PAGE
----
FORT DRUM In a range simulating the harsh battlegrounds of Afghanistan, the missteps of inexperience were corrected by soldiers fresh from their own deployment overseas.
That was the case for soldiers of the Delta Company of the 4th Battalion, 31st Infantry Regiment of the 2nd Brigade Combat Team, also known as the Polar Bears, who spent much of Thursday re-creating the experience of driving on patrol. The short drive included stopping to dispatch a pair of enemies and scanning for improvised explosive devices before converging on an enemy location, in this case a small, roofless building of plywood walls divided into two rooms.
Move with a purpose, said Maj. Todd J. Clark, a senior observer from the 3rd Brigade Combat Team. Time is money on these.
The approximately 30 soldiers in the company moved through the drill with capped, ammunition-free weapons first, before doing it again using only blank ammunition. They would switch to live ammunition for their third and final run.
The drills were all a part of the posts Mountain Peak exercise, which put several thousand soldiers from across the 10th Mountain Division into the field in one of the largest exercises on post in more than a decade.
I dont think Ive seen anything like this, said Col. Samuel E. Whitehurst, who took over command of the 3rd Brigade Combat Team in June. He had last taken part in a Mountain Peak exercise in 1995.
In the exercise, soldiers from the 1st and 2nd Brigade Combat Teams, who may deploy in early 2013, are being overseen by members of the 3rd Brigade Combat Team, which returned from a yearlong deployment in March.
Delta Companys first run exposed some flaws in the methods of Pfc. Steve J. Meaney, Spc. Alex M. Rey and Pvt. Devin C. Turner.
The three-man group first ran into issues when it encountered a dummy representing the body of a killed hostile enemy. The three exposed the dummys underside as they leaned it sideways with their arms, which brought an immediate reprimand from Sgt. Jeremy P. Hounshell, a member of the 3rd Brigade Combat Team who was serving as a safety instructor.
Sgt. Hounshell pointed out that their actions left them exposed if the enemy had a live grenade on his body, or if he was resting on a pressure point IED. Hopping onto the dummys back, he grabbed under its arms and leaned to the side to expose the dummys underside, while another soldier quickly scanned for explosives. Pretending that an explosive had been found, both Sgt. Hounshell and the spotter quickly rolled from the body, ending up face down.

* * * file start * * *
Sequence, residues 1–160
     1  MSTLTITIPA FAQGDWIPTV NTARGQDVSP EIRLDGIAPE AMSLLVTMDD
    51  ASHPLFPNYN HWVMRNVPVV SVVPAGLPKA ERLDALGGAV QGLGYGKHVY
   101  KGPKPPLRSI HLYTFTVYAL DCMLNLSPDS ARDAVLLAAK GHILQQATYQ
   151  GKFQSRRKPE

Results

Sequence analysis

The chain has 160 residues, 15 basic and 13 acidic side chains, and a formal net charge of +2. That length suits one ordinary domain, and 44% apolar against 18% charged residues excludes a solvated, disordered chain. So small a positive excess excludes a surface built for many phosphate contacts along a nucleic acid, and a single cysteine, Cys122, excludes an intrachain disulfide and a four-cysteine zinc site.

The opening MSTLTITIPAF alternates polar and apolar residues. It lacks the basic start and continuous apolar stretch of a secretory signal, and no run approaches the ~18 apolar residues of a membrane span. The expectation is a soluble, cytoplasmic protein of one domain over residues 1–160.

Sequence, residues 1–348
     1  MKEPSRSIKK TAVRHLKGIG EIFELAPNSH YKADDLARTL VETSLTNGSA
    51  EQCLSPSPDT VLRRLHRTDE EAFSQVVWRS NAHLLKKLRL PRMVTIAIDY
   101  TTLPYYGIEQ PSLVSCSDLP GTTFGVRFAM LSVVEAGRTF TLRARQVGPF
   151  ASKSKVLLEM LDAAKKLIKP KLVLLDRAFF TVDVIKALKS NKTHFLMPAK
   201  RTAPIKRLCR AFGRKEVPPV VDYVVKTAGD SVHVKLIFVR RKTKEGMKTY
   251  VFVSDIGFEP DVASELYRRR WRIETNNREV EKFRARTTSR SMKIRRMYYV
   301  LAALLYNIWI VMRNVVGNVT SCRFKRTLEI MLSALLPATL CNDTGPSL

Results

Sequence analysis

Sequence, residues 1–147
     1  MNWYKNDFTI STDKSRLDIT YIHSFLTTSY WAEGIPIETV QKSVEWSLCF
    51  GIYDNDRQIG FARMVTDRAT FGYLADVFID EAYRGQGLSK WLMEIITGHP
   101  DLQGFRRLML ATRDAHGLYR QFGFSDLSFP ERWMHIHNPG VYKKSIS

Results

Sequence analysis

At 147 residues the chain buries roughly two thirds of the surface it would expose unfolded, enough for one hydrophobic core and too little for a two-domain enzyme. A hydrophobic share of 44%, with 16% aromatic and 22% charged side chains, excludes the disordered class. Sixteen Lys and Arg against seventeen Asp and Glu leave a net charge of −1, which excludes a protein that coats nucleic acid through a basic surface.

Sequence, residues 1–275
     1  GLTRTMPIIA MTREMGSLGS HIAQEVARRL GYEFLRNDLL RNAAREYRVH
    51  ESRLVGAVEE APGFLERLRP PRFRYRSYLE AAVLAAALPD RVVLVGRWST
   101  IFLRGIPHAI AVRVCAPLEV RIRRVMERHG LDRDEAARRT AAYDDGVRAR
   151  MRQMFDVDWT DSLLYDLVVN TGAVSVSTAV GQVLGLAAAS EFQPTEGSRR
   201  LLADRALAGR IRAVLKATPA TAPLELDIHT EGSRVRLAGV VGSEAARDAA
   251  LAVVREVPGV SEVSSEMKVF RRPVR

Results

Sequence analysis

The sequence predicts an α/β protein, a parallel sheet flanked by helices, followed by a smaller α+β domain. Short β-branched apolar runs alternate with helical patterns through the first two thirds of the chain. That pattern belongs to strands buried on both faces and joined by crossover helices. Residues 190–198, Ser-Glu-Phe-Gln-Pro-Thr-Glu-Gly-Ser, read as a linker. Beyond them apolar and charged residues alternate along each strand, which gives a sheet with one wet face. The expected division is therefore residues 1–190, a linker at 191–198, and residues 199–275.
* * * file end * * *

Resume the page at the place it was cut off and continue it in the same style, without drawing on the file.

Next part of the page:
At a later area of the drill, as the three pressed into a fictional enemy hideout, Sgt. Hounshell criticized the relatively large gaps between the three soldiers as they entered a back room where two cutouts hung against a wall. Re-creating the entry, he placed his hand on the back of Pvt. Turner, who stood closest to the entryway, and pressed on him as they moved into the room.
Sgt. Hounshell told the soldiers they would practice the entrance multiple times until they got it right.
You cant fail, he said.
While Delta Company completed its secondary training, other companies of the regiment took on a variety of tasks for the day, such as guarding the makeshift forward operating base and moving between it and a secondary location. Soldiers at both locations would meet civilians role-playing as Afghan nationals.
Many of the role players were Afghan immigrants fluent in Pashto and Dari, languages commonly spoken in the country.
Soldiers would acquire intelligence through the day, from interviews with the role players they met or by scanning the dummies found in scenarios such as a mock ambush. The information would have to be compiled to help prepare for larger movements later in the exercise.
It tests how they assess that kind of information, said Maj. Brian M. Ducote, 3rd Brigade Combat Teams operations officer.
Sitting in a back room of the brigades large tent headquarters, Maj. Ducote said the exercise was as much a learning experience for his brigade as it was for the training soldiers.
Were probably learning more than anybody else in all this, he said.
With the exercise slowed Saturday to clear and restore range spaces, operations will continue today with larger, platoon-level operations, before entering into division-level activities. The exercise will run until Thursday.